It shouldn’t have been that disconcerting to hear an evangelical Protestant minister extol God’s goodness for guiding the Pilgrims safely to America, where they could establish a Christian ethic that would one day shape the moral values of a nation. Granted, the church was stadium-sized, the 100-person choir was accompanied by a 32-piece orchestra and the service was being televised to millions, but we Americans are used to television ministries that have somehow managed to hybridize Puritan-inspired religion and Hollywood spectaculars. Except this wasn’t America: it was Korea, known in theology circles as home to the purest Buddhism in Asia.
The pre-Thanksgiving Sunday service that I and 25,000 other attendees were witnessing took place in the Yoido Full Gospel Church of Seoul, South Korea, which, at 800,000 members (many of whom were watching via simultaneous transmission in satellite churches around the country) calls itself the biggest church in the world. Evangelical Christianity took hold here following the Korean War, when many Koreans studied in the United States, sometimes on church scholarships, and returned influenced by Western ideas. In recent decades, as South Korea’s social philosophy segued from the ancestor worship of Confucianism to free market capitalism, the country has undergone a spiritual conversion, and is now nearly fifty percent Christian. Christians and Buddhists alike told me, with pride and concern respectively, that to get elected these days, South Korean politicians have to be Christian. Although Korean Protestant churches maintain strong ties with their American evangelical counterparts, in this now-prosperous country they aren’t dependent on them. In fact Yoido Full Gospel actually sends missionaries to the United States, and maintains its own Bible college in Orange County, California.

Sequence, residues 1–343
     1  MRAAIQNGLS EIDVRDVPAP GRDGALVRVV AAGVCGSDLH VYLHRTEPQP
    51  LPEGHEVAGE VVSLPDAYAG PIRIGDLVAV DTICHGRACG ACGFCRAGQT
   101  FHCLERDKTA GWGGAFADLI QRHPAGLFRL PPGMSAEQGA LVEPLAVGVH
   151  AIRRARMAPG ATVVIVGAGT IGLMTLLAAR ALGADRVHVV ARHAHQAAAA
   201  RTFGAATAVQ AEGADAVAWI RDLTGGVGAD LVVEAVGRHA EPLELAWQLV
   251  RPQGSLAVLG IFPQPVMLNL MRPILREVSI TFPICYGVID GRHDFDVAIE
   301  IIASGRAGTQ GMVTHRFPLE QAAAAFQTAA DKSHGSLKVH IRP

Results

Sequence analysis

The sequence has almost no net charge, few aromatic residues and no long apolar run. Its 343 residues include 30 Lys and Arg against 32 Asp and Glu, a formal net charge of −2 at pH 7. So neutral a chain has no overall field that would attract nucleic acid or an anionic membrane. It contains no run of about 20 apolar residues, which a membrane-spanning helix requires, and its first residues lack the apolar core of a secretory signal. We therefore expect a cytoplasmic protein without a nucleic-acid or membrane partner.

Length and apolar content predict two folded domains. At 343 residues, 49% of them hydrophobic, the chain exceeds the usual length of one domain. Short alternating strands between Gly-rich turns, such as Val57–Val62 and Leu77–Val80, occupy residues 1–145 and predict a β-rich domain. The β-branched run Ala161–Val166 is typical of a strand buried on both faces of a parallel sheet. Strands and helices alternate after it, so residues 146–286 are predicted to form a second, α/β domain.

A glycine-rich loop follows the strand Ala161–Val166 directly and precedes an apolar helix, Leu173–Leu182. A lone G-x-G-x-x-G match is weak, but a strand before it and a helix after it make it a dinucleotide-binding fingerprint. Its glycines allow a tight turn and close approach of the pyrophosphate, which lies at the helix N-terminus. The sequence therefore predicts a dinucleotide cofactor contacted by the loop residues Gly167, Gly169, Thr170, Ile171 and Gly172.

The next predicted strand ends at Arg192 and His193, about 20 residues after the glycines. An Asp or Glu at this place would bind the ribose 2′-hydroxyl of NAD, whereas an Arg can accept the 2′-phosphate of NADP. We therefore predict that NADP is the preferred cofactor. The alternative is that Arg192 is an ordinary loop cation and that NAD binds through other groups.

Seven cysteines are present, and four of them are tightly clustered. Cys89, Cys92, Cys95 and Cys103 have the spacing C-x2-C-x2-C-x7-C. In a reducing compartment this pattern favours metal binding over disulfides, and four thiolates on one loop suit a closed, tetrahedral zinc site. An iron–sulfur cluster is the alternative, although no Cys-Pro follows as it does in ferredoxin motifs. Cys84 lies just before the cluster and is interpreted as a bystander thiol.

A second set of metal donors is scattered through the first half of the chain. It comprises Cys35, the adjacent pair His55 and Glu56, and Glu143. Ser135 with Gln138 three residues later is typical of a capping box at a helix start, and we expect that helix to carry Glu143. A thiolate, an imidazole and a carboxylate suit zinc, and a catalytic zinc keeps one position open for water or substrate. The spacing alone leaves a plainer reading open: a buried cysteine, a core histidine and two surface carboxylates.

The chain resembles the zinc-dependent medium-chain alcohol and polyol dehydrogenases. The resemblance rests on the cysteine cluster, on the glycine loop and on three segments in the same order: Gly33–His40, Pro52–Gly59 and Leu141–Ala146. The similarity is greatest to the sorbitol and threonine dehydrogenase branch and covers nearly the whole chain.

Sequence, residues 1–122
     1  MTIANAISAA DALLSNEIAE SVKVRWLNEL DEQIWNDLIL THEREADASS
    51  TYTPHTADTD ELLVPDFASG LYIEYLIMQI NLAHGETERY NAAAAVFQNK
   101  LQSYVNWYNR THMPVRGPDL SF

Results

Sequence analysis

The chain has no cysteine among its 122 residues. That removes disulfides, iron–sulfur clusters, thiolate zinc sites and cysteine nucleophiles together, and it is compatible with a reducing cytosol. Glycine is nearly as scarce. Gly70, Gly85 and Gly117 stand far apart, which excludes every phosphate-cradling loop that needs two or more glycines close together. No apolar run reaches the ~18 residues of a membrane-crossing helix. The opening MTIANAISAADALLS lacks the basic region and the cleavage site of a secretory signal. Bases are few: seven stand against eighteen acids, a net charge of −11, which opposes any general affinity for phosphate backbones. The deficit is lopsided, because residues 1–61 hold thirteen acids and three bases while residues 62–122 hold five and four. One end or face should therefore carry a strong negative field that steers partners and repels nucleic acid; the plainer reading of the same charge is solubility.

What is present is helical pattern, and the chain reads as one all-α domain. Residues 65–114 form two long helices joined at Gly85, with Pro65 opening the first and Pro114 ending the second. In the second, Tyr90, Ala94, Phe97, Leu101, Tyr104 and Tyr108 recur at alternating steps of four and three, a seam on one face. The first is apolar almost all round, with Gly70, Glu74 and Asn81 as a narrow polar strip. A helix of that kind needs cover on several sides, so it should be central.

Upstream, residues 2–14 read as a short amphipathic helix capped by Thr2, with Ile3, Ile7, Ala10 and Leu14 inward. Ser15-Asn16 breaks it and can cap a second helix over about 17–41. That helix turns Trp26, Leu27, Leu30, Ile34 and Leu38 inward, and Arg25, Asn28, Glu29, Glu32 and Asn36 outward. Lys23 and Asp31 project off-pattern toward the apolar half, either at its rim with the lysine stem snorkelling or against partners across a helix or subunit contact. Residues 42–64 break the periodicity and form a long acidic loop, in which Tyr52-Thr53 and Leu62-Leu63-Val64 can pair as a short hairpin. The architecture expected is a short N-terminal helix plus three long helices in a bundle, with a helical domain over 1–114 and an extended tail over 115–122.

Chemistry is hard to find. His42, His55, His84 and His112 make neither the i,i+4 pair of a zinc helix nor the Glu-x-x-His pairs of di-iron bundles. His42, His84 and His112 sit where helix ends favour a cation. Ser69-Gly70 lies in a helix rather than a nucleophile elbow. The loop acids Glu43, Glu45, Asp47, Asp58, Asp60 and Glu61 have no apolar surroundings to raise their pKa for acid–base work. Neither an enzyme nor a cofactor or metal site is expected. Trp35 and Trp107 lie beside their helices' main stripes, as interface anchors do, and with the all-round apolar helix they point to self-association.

Korea’s religious transformation hasn’t been painless. In the 1990s, temples were burned and Buddha statues were beheaded as a Christian president openly equated Buddhist and Satanic images. The conflict is no longer so open. But Korean Buddhists today worry about being overwhelmed in a society where commercialism and religion grow increasingly indistinguishable. Downtown Seoul’s Jogye-sa Temple, center of the largest sect of Korean Buddhism, has recently been surrounded by 25-story buildings that in the past would never have been permitted. The glass from one of the highest skyscrapers reflects light so intensely into an adjacent temple that monks can’t meditate, even with their eyes closed. The building’s Swedish architect was horrified to learn this – in his country, reflective angles are carefully controlled to avoid violating a church’s holy sanctum. But here, a Buddhist monk told me, no one even bothered to consult them. “It’s like we no longer exist.”
– Alan Weisman